Closer Than Ever: Strokes of Genius Documentary Tells How Federer, Nadal Came to Be
Roger Federer and Rafael Nadal
"Federer is an artist who knows how to fight whereas Nadal is a fighter who knows how to be an artist as well" - Pierre Paganini, Roger Federer's training since 1996
'Strokes of Genius' - the documentary on Roger Federer and Rafael Nadal's 2008 Wimbledon men's singles final gives its audience an insight into not only that match and how the players were on the court that time but only what made Federer and Nadal the players and people they are. The documentary's collection of old footages, anecdotes and interviews weaves through the emotions of that final and brings the audience closer to the two greats of the game like they have never been before.
The match was a landmark in the tennis history. Nadal won his first Wimbledon title when Federer was going for a sixth straight title in London. At that time, Nadal was the King of Clay while Federer was the emperor of grass and the Mallorca man came to Federer's empire and took the crown. Nadal had been knocking on the door was the past two years but it was in 2008, when he finally achieved him dream of winning the prestigious title.
There is an old footage in the documentary where Nadal is asked which tournament he would like to win the most and as he names Wimbledon, the camera switches to the start of the second set of the final, and it speaks to the momentousness of the occasion for the Spaniard.
The documentary shows the contrast between the two - the artistry and the perfection of Federer's game to Nadal's tenacity and will to win - something that makes their great rivalry. Along with the difference, what makes the two similar is their love and passion for the game and their families. Nadal and Federer are close friends today and they are very similar - they both would be in trouble on court if things around their loved ones aren't great off the court.
'Strokes of Genius' shows why Nadal loves his hometown Mallorca - in his own words, "I get to see my family and friends every day". Even during the tournaments, Nadal stays with his family and spends time cooking and Federer himself says, "If my wife and children are unhappy, my game is going to wobble."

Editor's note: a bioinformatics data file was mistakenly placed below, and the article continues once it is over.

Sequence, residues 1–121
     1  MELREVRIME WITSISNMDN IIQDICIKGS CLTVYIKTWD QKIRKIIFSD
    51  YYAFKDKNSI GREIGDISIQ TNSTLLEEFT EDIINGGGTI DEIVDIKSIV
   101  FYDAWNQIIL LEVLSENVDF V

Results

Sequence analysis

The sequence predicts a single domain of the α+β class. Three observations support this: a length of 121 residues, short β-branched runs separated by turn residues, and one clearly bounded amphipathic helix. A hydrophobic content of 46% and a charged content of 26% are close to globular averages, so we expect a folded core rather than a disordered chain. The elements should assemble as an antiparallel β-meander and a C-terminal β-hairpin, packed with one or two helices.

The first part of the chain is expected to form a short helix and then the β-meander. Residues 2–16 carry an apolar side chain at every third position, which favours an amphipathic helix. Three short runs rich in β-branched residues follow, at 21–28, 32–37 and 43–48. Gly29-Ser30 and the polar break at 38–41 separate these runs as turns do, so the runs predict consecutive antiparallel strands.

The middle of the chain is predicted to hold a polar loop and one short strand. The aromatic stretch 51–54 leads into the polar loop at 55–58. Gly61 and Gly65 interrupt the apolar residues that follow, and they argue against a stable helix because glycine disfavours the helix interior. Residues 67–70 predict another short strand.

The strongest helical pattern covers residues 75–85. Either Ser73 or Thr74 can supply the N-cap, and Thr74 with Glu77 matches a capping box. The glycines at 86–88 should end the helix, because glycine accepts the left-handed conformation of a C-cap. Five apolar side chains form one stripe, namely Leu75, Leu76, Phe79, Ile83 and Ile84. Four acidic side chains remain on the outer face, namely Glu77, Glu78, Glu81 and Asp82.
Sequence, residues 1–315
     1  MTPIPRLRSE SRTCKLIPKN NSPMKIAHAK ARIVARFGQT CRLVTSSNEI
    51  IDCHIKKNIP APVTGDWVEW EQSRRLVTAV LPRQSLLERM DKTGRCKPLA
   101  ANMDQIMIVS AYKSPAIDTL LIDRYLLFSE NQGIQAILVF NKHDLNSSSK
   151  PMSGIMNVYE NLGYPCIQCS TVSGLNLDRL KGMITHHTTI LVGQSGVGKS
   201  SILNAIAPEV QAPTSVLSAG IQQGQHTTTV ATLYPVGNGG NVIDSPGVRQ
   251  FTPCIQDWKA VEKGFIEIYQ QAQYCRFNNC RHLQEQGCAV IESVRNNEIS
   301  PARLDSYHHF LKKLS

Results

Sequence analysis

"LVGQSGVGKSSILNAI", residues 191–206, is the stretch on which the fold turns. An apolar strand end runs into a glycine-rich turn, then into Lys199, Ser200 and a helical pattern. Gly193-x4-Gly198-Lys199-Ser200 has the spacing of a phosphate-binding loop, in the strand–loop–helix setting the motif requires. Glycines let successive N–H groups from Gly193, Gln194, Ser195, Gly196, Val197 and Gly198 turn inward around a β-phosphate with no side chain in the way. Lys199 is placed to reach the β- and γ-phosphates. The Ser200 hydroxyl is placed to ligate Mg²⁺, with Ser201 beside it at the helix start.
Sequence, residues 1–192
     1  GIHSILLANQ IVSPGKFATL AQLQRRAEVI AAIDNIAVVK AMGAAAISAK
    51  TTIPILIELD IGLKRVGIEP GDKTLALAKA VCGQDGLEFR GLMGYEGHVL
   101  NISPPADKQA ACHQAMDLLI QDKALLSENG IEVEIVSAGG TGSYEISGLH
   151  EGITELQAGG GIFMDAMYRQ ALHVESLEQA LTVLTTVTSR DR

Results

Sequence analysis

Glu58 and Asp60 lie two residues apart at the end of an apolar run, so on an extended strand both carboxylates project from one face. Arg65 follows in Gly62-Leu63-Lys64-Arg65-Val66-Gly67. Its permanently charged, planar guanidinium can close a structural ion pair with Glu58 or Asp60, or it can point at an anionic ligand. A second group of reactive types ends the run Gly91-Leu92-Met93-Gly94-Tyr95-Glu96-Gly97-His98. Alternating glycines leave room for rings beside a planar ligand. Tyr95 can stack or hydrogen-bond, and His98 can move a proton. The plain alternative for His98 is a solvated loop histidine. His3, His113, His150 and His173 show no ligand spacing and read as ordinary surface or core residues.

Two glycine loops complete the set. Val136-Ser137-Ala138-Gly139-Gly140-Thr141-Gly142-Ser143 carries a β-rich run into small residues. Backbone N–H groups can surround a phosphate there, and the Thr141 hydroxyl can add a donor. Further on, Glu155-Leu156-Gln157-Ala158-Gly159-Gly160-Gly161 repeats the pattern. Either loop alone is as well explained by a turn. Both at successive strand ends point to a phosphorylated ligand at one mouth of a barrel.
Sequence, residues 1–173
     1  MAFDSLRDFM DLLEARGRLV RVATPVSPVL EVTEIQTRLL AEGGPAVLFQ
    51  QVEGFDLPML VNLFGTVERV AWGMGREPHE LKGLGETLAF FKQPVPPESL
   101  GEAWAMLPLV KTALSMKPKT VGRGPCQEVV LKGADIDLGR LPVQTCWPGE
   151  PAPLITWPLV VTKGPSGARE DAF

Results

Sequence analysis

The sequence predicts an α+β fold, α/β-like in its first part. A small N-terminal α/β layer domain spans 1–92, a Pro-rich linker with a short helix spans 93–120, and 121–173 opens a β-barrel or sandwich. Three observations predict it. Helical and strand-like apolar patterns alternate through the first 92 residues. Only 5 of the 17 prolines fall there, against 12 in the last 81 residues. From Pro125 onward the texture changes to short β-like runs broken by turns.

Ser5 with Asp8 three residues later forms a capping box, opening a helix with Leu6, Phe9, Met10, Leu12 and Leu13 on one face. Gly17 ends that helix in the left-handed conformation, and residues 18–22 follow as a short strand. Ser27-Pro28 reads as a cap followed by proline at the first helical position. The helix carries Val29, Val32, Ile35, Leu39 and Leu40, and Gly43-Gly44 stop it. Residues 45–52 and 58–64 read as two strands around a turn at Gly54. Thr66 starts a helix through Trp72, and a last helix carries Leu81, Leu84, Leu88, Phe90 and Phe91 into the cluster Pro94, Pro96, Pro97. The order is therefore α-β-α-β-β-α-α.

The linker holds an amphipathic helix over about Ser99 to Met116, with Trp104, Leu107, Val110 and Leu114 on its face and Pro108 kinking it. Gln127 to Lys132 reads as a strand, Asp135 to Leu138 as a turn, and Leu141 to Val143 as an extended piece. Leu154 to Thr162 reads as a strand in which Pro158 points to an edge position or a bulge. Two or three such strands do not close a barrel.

The documentary starts with the 2008 Wimbledon beginning at the All England Club in London and progresses through the tournament and particularly the final. Through the lens of the final and the ups and downs in it, the documentary shows the emotions Federer and Nadal go through on the court along with their families and closed ones, who are watching them play.
The editing of the documentary is stunning. Through the course of the final, it brings into the play various anecdotes, old footages and even old matches of Bjorn Borg, John McEnroe, Chris Avert and Martina Navratilova to give relevance to what was going on in the match.
"Federer's game is very much a dialogue with tennis' past, you see some of Borg's smoothness around the court, you see the explosive serve of Sampras, you see a bit of Laver, he took elements of the old style and on top of that, he superimposed a very top spin powerful baseline game," it is said in the documentary about the Swiss great.
The documentary shows what made Federer - his parents. Back he was very young, he was a brat on court, he would get angry, throw racquets and kick the balls. "Sometimes we were really ashamed and we took him to the side of the court and said 'Roger, I'm going with you anymore and sit like a fool and watch you perform like this'," his father Robert Federer shared.
Federer says that after turning pro, he was not comfortable being a brat on the court anymore. He would think that millions of people were watching him on TV, what the commentary was saying about him and "I decided not to do it anymore."
Nadal had gone right out of the blocks in the match and took the first set 6-4. But Federer hit back with a 3-0 lead in the second set and there, Nadal fought back to first level it up and then take the second set with the same scoreline.
"Rafael began to train as a kid every day, every single day of his life, he played as if he was playing a final. I always thought making it to the top would be hard, and that we would have to face many kinds of problems. That's why I always tried to foster in Rafael a tough personality, to be able to withstand such difficulties," Toni Nadal said, mirroring the spirit that we see of Nadal on the court.
"Every ball I play, it is with the intention to harass the opponent. I believe doubts are good because they keep you alert at all times, regardless of your opponent," Nadal said.
Federer was the 'unbeatable' before Nadal came around and balanced the scales in the world of tennis. They both have accepted time and again that the two have made each other better players and the documentary shows just how they got where they are and how they have managed to stay at the top for so long.